100 Stars On GitHub
After more than 1 year on GitHub, I've gotten more than 100 stars. In this post, I will tell you what I have learnt from that journey. From my journey, I hope that you can learn something and might do something helpful for your career.
Shape Your Goals
When I was started more than 1 year ago, I didn't know how to get started. There are a lot of questions came to my head at the time. What should I build? What is the standard of a repository on GitHub? How do people know about my works? How other professional developers are doing? Even a very basic question that I need to answer to myself at the time is "Is it worthy to spend time on GitHub? Spend time for building something for free?". There was also a feeling that no one will read my code because I'm not an expert on this....
To be honest, it's tired to answer those questions even to yourselves. But those are very important questions, since it will help you to know your purpose and keep you keen to your goal for a long time.
Fortunately, I finally determined 2 of my goals:
- Build to learn: continuous improvement, be hungry to knowledges.
- Share to learn: feedback is great way to know where you are and best channel ever to learn.
But there is a another bigger goal that I says to no one until today: one day, one of my opensource project will be used in a successful project. I tricked myself to this beautiful dream to make myself keep going. Most people give up at this stage, hence please be strong and your effort will be worth it.
I started my journey by posting a document about effective-go that I have previously collected from different sources. It's a list of idiomatic and best practices that I applied to my projects. My purpose of posting it is just for easier to share with my team, but turn out it is where I get most of the stars.
On the journey, I have a lot of difficulties and also many lessons for me as well. The first lesson is "It's just a chance to learn and discover ideas"
Just A Chance To Learn And Discover Ideas
You're not always working on the project you love, not always work on the technologies you love. This happens all the time when you work on a outsourcing companies where you are staffed to many projects during a very short time and the technologies depend on your customers' decisions. Hence working on a side project is great way to explore new ideas, new technologies. That's a great way to keep up to date with the technology world where new technologies emerged every seconds.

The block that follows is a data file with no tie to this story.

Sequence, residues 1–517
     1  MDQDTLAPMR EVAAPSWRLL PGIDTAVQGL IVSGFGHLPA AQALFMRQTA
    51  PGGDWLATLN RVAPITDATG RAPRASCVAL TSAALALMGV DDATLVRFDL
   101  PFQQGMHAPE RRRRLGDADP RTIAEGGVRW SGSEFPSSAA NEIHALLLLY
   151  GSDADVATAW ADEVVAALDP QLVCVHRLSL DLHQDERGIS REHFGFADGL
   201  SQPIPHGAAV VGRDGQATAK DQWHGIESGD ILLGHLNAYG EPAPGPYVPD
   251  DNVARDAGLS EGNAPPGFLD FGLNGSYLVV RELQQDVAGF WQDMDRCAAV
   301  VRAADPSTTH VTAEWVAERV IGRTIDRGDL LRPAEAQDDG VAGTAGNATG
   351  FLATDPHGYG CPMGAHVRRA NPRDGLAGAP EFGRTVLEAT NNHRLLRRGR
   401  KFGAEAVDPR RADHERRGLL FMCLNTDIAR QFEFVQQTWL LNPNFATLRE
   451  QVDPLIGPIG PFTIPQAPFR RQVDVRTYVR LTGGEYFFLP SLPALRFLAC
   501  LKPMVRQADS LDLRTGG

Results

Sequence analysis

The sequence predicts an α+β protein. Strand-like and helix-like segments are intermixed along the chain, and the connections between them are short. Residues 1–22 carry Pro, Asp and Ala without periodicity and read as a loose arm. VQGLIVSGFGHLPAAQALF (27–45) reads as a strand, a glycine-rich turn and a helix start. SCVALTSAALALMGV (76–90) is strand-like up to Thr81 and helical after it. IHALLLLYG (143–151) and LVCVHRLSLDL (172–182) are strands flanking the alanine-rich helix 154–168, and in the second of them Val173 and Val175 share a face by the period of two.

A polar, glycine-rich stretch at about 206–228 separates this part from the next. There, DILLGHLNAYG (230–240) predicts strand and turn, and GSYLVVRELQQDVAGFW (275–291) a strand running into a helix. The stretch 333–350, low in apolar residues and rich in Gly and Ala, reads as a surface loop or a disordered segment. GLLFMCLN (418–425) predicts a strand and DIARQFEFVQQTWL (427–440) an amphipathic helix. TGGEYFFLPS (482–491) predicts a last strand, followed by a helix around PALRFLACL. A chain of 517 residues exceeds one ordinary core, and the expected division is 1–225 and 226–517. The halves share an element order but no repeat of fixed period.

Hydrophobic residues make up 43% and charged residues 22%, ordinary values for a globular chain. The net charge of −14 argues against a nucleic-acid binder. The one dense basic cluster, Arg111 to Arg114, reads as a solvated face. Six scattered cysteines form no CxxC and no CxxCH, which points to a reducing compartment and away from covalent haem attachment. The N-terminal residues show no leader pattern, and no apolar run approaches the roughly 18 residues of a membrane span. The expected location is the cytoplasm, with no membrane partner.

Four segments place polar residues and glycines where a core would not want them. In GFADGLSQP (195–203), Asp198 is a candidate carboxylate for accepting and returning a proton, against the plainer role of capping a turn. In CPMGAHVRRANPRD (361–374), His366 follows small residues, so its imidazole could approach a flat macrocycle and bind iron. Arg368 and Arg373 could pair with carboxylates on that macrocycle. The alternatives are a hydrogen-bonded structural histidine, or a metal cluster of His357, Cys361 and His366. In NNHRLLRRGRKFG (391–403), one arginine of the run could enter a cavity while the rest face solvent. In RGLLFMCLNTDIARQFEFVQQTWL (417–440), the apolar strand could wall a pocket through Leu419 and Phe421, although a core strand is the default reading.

A Tool To Motivate Yourselves
You might not admit this but working on customer projects sucks sometime. The reasons can be the technologies are too old or you are not interested in the technologies used in the project, worked too long on the project and want to find something new.
Start a side project is a good way to motivate yourselves. Getting some new friends in the field, getting some new stars, learn some new good ways doing things will be a big motivation and can save your career. You might also discover some new ways to do things better and can contribute back to the projects you are working. By contribute more, your influences in the project will be raised and that's a way to leverage your career into the next level.
Connect With More People On The Same Field
Working on a same team, same company too long? Meet old friends every day? Some time you feel just f**king old and hence starting a new field, on new platform and making friend with someone out side the company will be a salvation for you. You might hear something new from your new friends about the way they work, about the new technologies they use and that would be awesome.
How To Get There?
- Start with something you love: if not you will give up very shortly.
- Do it yourselves and alone: it's hard to find a co-founder and hard to keep up the relationship for more than 6 months for a side-opensource project. Better start with yourselves first.
- Be persistence: good things need time to build, try to be persistence with what you build and commit to build it until you complete it.
- Stars is a tool to motivate yourself: it's not something you will impress your employer.
- Well document: update README, topic, project descriptions,... accordingly. Without a good README, no ones care your project.
- A live demo is everything: people is lazy, they love seeing something works.
- Share it and ask for feedback from your friends or from other popular channels like Facebook, Reddit,...
- Build projects around your lib/framework
Dangerous Paths To Avoid
- Stars is actually not the goal: Learning and having fun is.
- Getting stars to impress employers: please no. They don't give a f**k about GitHub stars. Showing your projects to them might hurt you back.
- Afraid to share: nothing wrong to share your project with others. See "early work" from Paul Graham if you think your projects are lame.
- Some people advertise their project just to get more stars: please don't do it, advertise for feedback instead.
- Never ask for stars, ask for feedback instead.